Issue with setting up the table tennis table collision mesh

I am working on my first Urho3D game using the Character Demo as the starting point.
I have the basic scene setup and some logic to shoot some table tennis balls to the table tennis table surface. The problem is, some balls just get stuck on the tables, some balls can bounce over to the other side of the table and some just pass through the table surface and drop tot he floor.

It seems like the collision mesh of the table is not setup correctly but I could not figure where is the problem. Any advise here is appreciated.

Below are the source code for the setup:

   // set this one up manually to explore the parameters of these functions
    Node* tableNode = scene_->CreateChild("Table");
    tableNode->SetPosition(Vector3(0.0f, 0.8f, 0.0f));
    tableNode->SetRotation(Quaternion(0.0f, 90.0f, 90.0f));
    tableNode->SetScale(1.0f);

    auto* tableObject = tableNode->CreateComponent<StaticModel>();
    tableObject->SetModel(cache->GetResource<Model>("Models/Table3D.mdl"));
    tableObject->SetMaterial(cache->GetResource<Material>("Materials/Table.xml"));

    auto* tableBody = tableNode->CreateComponent<RigidBody>();
    tableBody->SetMass(10.0f);
    tableBody->SetRestitution(0.6f);
    tableBody->SetKinematic(false);

    auto* tableShape = tableNode->CreateComponent<CollisionShape>();
    tableShape->SetTriangleMesh(tableObject->GetModel(), 0);

The function which instantiates the balls and shoot at the table based on the camera direction:

void TableTennisDemo::SpawnObject()
{
    auto* cache = GetSubsystem<ResourceCache>();
    Node* boxNode = scene_->CreateChild("Ball");
    boxNode->SetPosition(cameraNode_->GetPosition());
    boxNode->SetRotation(cameraNode_->GetRotation());
    boxNode->SetScale(1.00f);

    auto* boxObject = boxNode->CreateComponent<StaticModel>();
    boxObject->SetModel(cache->GetResource<Model>("Models/ball.mdl"));
    boxObject->SetMaterial(cache->GetResource<Material>("Materials/Ball.xml"));
    boxObject->SetCastShadows(true);

    auto* body = boxNode->CreateComponent<RigidBody>();
    body->SetMass(0.027f);
    body->SetRollingFriction(0.05f);
    body->SetRestitution(0.8f);
    body->SetLinearDamping(0.2f);

    auto* shape = boxNode->CreateComponent<CollisionShape>();
    shape->SetSphere(0.04f);

    const float OBJECT_VELOCITY = 6.0f;

    // Set initial velocity for the RigidBody based on camera forward vector. Add also a slight up component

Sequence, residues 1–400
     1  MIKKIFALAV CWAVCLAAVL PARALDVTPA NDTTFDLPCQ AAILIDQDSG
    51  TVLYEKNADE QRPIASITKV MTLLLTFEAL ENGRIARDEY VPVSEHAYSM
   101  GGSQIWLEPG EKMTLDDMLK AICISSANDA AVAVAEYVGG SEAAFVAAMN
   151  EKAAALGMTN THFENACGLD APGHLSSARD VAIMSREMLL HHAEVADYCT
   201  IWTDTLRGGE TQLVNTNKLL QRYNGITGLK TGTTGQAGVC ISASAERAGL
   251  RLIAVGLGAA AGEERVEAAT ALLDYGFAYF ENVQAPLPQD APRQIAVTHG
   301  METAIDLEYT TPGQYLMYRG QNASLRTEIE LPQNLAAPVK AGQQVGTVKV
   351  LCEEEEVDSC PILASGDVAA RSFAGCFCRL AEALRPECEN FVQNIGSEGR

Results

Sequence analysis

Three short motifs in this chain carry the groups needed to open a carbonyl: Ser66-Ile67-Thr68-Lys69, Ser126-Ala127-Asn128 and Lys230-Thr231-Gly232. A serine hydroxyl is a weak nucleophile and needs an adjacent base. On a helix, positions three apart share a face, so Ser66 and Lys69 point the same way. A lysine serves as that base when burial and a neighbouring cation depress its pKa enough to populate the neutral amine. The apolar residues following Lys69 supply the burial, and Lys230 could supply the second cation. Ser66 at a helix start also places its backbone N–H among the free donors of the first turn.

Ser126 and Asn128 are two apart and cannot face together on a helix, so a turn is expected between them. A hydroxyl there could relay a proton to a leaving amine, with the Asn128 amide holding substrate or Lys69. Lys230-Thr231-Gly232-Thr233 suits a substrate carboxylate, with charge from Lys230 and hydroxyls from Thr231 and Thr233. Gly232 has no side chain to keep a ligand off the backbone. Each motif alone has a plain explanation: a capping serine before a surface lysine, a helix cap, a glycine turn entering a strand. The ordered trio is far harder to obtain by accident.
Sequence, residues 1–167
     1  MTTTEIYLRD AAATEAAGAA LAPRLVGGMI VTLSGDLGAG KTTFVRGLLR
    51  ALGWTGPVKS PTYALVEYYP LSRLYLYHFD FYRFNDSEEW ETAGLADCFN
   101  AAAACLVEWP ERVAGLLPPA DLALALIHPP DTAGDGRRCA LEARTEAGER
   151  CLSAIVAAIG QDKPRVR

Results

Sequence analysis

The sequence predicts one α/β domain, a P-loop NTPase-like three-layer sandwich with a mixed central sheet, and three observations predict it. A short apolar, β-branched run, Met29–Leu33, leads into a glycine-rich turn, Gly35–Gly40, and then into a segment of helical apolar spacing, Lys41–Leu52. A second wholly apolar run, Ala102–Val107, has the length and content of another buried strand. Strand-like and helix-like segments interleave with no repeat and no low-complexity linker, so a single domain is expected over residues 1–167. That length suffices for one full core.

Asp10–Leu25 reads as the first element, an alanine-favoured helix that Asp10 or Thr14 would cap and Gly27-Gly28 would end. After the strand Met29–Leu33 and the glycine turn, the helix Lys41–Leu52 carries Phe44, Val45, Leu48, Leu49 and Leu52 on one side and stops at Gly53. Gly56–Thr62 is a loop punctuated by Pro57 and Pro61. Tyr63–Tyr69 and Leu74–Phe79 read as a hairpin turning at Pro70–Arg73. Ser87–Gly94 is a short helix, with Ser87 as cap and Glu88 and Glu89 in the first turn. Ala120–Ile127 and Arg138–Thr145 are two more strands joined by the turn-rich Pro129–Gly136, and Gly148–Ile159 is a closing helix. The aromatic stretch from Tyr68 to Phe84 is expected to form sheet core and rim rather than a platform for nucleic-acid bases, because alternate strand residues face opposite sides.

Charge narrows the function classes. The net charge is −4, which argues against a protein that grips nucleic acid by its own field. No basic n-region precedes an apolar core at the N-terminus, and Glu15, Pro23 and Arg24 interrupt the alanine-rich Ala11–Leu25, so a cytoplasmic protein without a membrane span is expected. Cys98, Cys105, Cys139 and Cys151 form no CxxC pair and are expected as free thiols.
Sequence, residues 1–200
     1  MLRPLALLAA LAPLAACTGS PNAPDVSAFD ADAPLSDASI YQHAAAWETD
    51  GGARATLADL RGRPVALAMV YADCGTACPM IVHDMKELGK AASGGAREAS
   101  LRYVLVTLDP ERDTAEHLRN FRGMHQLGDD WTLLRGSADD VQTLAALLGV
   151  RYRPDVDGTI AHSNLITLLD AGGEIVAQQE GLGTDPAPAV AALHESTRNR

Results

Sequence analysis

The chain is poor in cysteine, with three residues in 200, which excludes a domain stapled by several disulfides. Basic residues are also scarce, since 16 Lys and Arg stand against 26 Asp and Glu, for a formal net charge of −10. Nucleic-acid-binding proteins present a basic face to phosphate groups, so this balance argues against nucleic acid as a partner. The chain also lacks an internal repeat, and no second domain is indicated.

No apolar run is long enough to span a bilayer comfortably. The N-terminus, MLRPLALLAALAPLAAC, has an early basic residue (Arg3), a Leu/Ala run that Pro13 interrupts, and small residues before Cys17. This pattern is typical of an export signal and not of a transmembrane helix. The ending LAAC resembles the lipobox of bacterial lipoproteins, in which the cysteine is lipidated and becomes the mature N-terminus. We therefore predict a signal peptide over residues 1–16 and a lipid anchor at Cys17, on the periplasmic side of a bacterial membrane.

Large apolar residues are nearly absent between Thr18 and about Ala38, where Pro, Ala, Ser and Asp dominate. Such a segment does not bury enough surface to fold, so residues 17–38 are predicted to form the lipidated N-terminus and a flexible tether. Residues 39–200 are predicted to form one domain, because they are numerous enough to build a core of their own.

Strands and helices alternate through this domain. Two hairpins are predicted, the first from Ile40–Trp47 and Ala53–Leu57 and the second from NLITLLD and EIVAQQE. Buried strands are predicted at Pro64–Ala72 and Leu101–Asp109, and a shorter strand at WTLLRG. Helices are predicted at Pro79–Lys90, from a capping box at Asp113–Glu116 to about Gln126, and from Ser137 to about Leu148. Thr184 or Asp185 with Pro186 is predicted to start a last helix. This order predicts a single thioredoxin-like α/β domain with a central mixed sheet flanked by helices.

// to overcome gravity better
    body->SetLinearVelocity(cameraNode_->GetRotation() * Vector3(0.0f, 0.25f, 1.0f) * OBJECT_VELOCITY);
}

A snapshot of the game scene:

Game%20Scene%20Screenshot

From the Bullet Physics Manual:

Avoid very small and very large collision shapes

The minimum object size for moving objects is about 0.2 units, 20 centimeters for Earth gravity. If smaller objects or bigger gravity are manipulated, reduce the internal simulation frequency accordingly, using the third argument of btDiscreteDynamicsWorld::stepSimulation. By default it is 60Hz. For instance, simulating a dice throw (1cm wide box with a gravity of 9.8m/s2) requires a frequency of at least 300Hz (1./300.). It is recommended to keep the maximum size of moving objects smaller then about 5 units/meters.

In Urho3D the simulation frequency can be changed using PhysicsWorld::SetFps(int).

Also, did you know you can enable debug rendering of collision shapes? This is done by calling DrawDebugGeometry(true) on the PhysicsWorld during the PostRenderUpdate.

Thanks a lot! I am aware of the DrawDebugGeometry function but not able to get it to work. Maybe that is the best path to get a better handle of the collision mesh problem. The Bullet Physics manual reference definitely helps. Lets me dig a bit more in it. Thanks again.

To draw the debug geometry you’ll need to subscribe to the PostRenderUpdate event as such:

SubscribeToEvent(E_POSTRENDERUPDATE, URHO3D_HANDLER(TableTennisDemo, HandlePostRenderUpdate));

The function itself should look something like this:

void TableTennisDemo::HandlePostRenderUpdate(StringHash eventType, VariantMap& eventData)
{
    scene_->GetComponent<PhysicsWorld>()->DrawDebugGeometry(true);
}

And you’re welcome! :slight_smile:

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I had a similar problem starting with Urho and Bullet physics and I’m also pretty sure it’s the size of the objects being too small. I suggest scaling everything up, i.e. making the balls 1m in diameter and scale the table and everything else accordingly.

You could also increase the simulation rate, but if you are aiming for low power devices (mobiles), it could take a toll on performance.